I have to say it is one of the most astonishing and overwhelming emporia that I have even visited. The range, quantity and quality of the architectural antiques blew my mind, and I baulked at the company's logistical nightmare of moving everything out of the premises.
|The Robert Mills Emporium of Architectural Antiques|
There was too much to deal with systematically e.g. photographing items of interest or even taking down lot numbers and I was reduced to walking around and taking photographs with my mind. I am so delighted I visited, as lots I had dismissed in the catalogue looked great in person and lots I had liked in the catalogue disappointed in the flesh. Photographs never do justice to scale and patina.
I walked passed some massive Edwardian shelving that was being used to hold vintage laboratory equipment. This would work wonderfully as storage in the castle's still room but would it even fit? I had my doubts, but thought it might just about squeeze in.
|Edwardian Shelving at Robert Mills|
At the online auction, prices were strong and I despaired of being able to afford anything. However, thanks to the size and rough quality of the shelving, I was the only bidder and got it for £50. The auctioneer had been dropping the price and was going to £30, when he noticed my bid. I did not begrudge the extra £20, as I knew the transportation cost would be more than the item itself. I had already bought some larger items, so had already committed to a Luton van.
The Luton van duly arrived this week. Gregor insisted the way I wanted the shelving installed was upside down. He convinced me he was right, but if so the shelving was upside-down at Robert Mills. The top of the unit (bottom at Robert Mills) seems to have disappeared between the auction catalogue and arrival at Balintore. I knew something did not look right, in any case, and asked Gregor to make a replacement unit top out of plywood. Gregor also patched up the front, both top and bottom, with new timber so that it looks smart. These will be stained dark. Originally, there had been shelving either side: the grooves can still be seen. So the original unit was at least three times the size of the one I bought!!!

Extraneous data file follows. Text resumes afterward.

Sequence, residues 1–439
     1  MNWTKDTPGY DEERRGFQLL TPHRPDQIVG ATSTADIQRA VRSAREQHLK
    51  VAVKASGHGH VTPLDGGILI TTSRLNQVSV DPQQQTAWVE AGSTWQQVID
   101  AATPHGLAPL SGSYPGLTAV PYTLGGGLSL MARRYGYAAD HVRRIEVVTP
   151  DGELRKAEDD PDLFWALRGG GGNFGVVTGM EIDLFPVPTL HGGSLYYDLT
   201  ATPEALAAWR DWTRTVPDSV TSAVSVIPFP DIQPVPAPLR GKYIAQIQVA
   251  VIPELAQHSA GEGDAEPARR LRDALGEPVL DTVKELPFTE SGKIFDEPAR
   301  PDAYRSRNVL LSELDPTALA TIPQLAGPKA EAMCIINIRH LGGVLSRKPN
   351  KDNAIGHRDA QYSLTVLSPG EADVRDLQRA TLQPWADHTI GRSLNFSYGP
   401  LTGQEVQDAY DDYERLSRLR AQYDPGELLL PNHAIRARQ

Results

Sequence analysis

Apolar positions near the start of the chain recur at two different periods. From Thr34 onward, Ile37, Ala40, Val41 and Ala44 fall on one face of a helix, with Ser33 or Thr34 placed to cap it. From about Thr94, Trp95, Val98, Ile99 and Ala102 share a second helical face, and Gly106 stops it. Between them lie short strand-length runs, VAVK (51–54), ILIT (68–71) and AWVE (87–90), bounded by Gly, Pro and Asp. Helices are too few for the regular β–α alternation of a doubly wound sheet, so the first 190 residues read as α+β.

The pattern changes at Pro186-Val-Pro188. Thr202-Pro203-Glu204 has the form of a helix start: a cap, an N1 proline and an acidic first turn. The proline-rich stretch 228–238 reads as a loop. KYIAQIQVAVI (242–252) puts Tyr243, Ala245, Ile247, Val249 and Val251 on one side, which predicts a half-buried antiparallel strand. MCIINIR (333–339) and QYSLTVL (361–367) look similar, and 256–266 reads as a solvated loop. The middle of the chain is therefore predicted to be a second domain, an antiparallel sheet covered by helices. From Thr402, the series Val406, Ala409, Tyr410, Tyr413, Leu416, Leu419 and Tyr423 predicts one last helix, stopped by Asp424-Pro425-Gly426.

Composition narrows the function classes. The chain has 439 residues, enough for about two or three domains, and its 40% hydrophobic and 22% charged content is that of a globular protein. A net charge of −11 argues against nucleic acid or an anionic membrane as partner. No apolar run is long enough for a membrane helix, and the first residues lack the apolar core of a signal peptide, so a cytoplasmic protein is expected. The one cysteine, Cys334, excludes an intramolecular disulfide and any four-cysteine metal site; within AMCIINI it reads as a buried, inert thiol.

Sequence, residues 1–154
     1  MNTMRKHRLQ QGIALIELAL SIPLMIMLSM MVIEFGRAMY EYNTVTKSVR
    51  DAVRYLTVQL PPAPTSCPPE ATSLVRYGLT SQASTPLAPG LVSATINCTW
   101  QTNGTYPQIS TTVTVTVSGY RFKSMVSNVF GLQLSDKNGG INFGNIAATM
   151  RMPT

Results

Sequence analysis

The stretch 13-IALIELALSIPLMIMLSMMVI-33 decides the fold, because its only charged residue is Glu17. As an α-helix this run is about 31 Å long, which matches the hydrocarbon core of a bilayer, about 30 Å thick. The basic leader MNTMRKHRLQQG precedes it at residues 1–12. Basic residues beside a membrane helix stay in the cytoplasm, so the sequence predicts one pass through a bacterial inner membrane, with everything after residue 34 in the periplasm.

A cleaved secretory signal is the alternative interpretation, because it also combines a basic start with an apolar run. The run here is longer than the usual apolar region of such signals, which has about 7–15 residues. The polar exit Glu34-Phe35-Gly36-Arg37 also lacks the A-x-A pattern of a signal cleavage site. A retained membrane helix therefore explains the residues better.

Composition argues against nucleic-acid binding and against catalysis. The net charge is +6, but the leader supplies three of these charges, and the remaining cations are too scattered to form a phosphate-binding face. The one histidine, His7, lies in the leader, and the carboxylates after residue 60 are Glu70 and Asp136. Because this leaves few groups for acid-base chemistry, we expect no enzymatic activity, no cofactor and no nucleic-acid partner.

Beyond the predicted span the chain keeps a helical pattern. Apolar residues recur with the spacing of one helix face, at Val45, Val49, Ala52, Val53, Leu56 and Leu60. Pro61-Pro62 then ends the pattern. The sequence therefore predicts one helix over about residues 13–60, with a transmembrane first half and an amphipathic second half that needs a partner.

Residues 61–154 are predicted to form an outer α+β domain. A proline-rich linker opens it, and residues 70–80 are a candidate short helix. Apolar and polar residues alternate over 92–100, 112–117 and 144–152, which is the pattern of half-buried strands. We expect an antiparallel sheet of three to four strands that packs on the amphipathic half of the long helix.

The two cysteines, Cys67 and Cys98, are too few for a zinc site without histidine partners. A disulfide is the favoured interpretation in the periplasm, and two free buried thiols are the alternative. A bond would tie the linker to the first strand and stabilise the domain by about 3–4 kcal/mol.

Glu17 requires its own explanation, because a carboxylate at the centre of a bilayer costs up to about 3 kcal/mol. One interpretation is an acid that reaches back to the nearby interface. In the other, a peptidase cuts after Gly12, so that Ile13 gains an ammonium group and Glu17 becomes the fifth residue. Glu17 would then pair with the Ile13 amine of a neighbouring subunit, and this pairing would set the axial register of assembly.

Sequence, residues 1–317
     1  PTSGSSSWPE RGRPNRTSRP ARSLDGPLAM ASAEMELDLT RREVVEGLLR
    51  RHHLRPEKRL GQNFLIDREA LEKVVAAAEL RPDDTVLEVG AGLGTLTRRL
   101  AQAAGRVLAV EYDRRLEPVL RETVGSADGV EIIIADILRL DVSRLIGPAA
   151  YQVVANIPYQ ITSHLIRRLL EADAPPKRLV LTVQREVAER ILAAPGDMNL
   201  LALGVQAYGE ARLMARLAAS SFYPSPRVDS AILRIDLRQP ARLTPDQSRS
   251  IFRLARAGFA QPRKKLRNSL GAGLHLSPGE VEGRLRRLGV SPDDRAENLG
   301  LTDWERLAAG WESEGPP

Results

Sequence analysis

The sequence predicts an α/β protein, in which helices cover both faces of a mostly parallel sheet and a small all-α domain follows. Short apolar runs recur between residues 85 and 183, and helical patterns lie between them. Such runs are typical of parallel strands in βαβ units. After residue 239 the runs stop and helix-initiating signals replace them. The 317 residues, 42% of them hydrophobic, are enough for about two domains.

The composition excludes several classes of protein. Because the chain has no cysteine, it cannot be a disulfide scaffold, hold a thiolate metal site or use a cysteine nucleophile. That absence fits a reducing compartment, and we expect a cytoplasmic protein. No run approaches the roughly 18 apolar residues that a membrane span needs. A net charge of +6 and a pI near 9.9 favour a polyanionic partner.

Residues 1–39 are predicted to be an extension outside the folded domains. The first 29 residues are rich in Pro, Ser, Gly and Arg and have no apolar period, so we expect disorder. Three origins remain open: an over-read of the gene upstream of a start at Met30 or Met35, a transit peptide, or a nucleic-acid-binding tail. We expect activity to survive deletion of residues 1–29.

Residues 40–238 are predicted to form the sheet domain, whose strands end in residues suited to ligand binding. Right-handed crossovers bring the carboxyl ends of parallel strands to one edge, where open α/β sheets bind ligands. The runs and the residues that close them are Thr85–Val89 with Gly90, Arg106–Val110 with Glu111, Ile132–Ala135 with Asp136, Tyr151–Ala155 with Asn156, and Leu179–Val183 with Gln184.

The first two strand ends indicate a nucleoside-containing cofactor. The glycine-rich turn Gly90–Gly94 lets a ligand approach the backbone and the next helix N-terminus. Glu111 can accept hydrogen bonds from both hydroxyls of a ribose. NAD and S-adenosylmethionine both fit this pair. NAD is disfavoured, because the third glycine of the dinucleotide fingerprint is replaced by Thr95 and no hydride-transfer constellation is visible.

|Edwardian Shelving at Balintore Castle|
The angled moulding at the front of the shelving is very interesting, as Gregor pointed out. It is angled down above head height, and angled up below head height - presumably for sticking labels on. And assuredly, there are paper labels of all vintages still adhering to the unit.
|close-up of shelving showing old labels|
The unit could not have fitted the space any better: going all the way from floor to ceiling and from the wall to just shy of the door frame, allowing the door to open just as fully as the door frame permits. So overall, I am delighted by the re-purposing of the shelving thanks to Gregor. This is the third life, at the very least, for the shelving. It had to be partially dismantled to even get through the still room door.
If I had not seen this antique in the flesh, I simply would not have bid on it. So serendipity city. I wonder where it comes from?
An update! Many thanks to an employee of Robert Mills for supplying the following provenance.
Gregor was right we did store the item upside down, the base was incomplete and would not stand the right side up. The item came from a haberdashery shop in Newport, South Wales. Over the decades it became more of a hardware shop and then more of a fancy goods (cheap) shop. They just kept adding more shelves to the original units until all the walls were covered with shelves, over the doorways and right up to the ceiling. They then seemed to have knocked through to the next door shop and took over that one as well. Filling it with their own style of adding on bits of ad-hock shelving as they needed it until that shop was filled as well (not to mention the store rooms).